Why do luxury brands seem like such cyberphobes?

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"Brick and mortar locations are an environment in which luxury brands can control and truly pamper their clientele."

When a woman buys a Mulberry bag she stands taller, walks prouder and feels invincible. It is because of this way a designer brand can make us feel that the luxury goods industry has thrived from affluent consumers who not only purchase these items as a symbol of their wealth and status, but also as a reflection of who they are or strive to be.

This is a very powerful position for a brand to be in and it is no surprise that this industry will continue to flourish. In fact, the Deloitte report Global Powers of Luxury Goods showed a composite year over year sales growth of 6.8%, driven mainly by consumers in emerging markets. This steady growth is also reflected in the increase of online search interest over the past 13 years.

Market cyberphobia

Beautiful stores, a glass of champagne while you browse, a staff member to help with your every whim – their brick and mortar locations are an environment in which luxury brands can control and truly pamper their clientele.

For many of them, digital advertising removes any opportunity to create that personalised experience for clients and ‘cheapens’ their brand. Because of this, many have not felt the need to embrace e-commerce as warmly as other retail brands have and, to some extent, they fear the repercussions and loss of control from jumping in head first. With 63% of luxury transactions still occurring in physical stores, there has been little need to heavily invest in digital channels.

However, this is changing. As a generation of internet-savvy, price-conscious youths begin to grow their disposable income, they are going online to spend it. For those lucky enough to have a higher pay grade, this means using Google Search instead of Regent Street to find those luxury items. 42% of luxury item purchases online are carried out by millennials, with older generations preferring to make their purchases in-store.

We’ve analysed the online sales data of our luxury retailers that shows just this. With younger consumers abandoning the need to ‘try before you buy’, luxury brands can expect to see continued growth from online sales.

Cheating the system

Nearly half of luxury purchases made by consumers are done in foreign markets or airports. Interestingly, the tendency for these consumers to purchase luxury goods in their domestic market increases with age. With the disparity of prices between markets more substantial than normal for luxury goods, this is not surprising.

This price disparity can vary quite radically and quickly. When the pound fell against the dollar following Brexit, the price of luxury goods in the UK increased by 5%.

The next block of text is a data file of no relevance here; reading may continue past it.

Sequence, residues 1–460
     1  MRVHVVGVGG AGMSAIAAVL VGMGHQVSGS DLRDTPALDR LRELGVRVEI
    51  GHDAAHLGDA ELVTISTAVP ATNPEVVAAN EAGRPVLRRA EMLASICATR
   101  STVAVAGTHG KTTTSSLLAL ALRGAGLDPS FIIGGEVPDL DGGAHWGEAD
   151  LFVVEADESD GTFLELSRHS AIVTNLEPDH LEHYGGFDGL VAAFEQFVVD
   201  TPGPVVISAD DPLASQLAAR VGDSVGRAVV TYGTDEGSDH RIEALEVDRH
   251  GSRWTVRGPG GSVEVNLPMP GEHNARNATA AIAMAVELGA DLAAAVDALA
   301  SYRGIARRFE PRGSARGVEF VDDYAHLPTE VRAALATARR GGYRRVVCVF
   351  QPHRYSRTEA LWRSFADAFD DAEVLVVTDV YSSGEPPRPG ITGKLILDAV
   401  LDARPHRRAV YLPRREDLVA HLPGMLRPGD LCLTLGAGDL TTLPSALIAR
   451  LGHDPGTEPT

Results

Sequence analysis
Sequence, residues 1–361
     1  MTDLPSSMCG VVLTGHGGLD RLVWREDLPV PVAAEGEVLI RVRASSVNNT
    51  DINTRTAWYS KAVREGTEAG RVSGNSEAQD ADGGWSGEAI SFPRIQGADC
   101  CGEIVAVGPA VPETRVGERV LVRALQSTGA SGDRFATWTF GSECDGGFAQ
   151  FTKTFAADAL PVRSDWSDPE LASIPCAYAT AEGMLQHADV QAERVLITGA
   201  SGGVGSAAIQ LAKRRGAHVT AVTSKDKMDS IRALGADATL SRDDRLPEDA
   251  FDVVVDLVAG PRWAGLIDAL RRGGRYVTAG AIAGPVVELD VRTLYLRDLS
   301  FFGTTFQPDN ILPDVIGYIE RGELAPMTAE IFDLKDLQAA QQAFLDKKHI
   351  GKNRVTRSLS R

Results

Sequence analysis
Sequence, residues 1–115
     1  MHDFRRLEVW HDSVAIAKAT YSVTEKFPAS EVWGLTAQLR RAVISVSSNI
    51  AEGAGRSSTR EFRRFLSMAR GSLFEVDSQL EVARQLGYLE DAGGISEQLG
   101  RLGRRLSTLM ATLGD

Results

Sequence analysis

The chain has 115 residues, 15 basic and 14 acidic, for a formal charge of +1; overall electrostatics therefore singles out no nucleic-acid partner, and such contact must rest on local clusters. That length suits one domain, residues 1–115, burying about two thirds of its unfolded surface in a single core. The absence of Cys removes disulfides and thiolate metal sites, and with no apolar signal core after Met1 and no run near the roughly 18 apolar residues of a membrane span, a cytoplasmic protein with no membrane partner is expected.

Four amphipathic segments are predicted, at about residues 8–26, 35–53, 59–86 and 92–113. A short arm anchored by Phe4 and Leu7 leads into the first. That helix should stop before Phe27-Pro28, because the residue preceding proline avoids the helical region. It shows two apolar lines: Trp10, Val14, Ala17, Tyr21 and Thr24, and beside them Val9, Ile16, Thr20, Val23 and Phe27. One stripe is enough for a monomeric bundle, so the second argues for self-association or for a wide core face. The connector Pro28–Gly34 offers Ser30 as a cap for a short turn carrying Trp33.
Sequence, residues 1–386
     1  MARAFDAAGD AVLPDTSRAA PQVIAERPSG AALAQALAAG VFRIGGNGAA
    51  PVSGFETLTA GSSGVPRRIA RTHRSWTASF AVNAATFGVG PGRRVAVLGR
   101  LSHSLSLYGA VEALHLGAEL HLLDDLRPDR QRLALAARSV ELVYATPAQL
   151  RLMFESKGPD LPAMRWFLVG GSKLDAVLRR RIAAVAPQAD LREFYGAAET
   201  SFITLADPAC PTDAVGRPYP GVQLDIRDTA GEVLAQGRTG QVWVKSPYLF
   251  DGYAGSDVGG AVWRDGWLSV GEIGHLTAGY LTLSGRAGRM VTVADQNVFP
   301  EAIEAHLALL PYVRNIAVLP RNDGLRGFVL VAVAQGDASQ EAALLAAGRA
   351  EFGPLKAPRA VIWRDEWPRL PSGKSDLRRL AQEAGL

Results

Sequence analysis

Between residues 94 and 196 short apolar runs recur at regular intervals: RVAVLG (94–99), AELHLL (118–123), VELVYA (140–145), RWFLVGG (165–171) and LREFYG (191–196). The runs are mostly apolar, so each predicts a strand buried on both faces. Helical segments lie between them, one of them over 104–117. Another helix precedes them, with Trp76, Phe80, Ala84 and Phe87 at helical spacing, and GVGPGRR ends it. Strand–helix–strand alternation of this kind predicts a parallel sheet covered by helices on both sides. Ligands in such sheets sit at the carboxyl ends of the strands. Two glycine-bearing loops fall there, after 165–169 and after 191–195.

In general, strict shipping and tax regulations hit emerging markets the hardest, forcing luxury brands to hike up the already steep prices to keep the same margin. US goods are over 50% more expensive in China than in some Western European countries.

This is forcing consumers to shop in foreign markets for greater affordability. Consumers from emerging markets purchase abroad 60% of the time, not only due to price but also for the wider range of products.

NMPi’s data shows that, over the past two years, conversion rates in emerging markets have sharply dropped in comparison to established markets – a strange phenomenon when it is the emerging markets driving the industry growth.

Let’s face it, if you’re an internet-savvy millennial living in China with your heart set on a Dionysus embroidered Gucci handbag and it’s two thirds of the price in Italy, you’ll purchase abroad. With that kind of saving you could take a nice little trip to the Colosseum.

Getting Digital

Due to this lack of initial investment in the digital space, these luxury brands may find it hard to compete. However, all is not lost. Luxury brands still have one advantage and that is the brand itself, the stories it tells and the values it holds. The most important factors of luxury goods are the uniqueness and quality of the product. Luxury brand resellers already have a strong foothold in e-commerce, making up 78% of online purchases in the luxury goods sector. Appearing alongside their resellers is something that physical stores have never had to deal with.

This is unavoidable in e-commerce with platforms such as Google Shopping giving the preferential top positions to the cheaper products. This risks the image of luxury brands looking cheap when their products are flogged off at discount prices. By keeping the newest ranges exclusive and bringing the indulgent in-store experience online, brands will capture consumer interests and their desire to be pampered.

The unparalleled popularity of e-commerce has created a need for high-quality personalised content on a huge scale. There is an opportunity for luxury brands to take the first steps in creating a truly meaningful online dialogue with their customers. Creating customised online content at this scale will be a challenge for everyone involved in the industry, from designers to marketers. But it will be worth it to move the industry on from a status-based old luxury to an experience-based new luxury.

Peter Munton is an analyst at NMPi.

This article was originally published in The Drum Network luxury special. You can get your hands on a copy here. To be featured in the next special focused on the charity sector, please contact stephen.young@thedrum.com.

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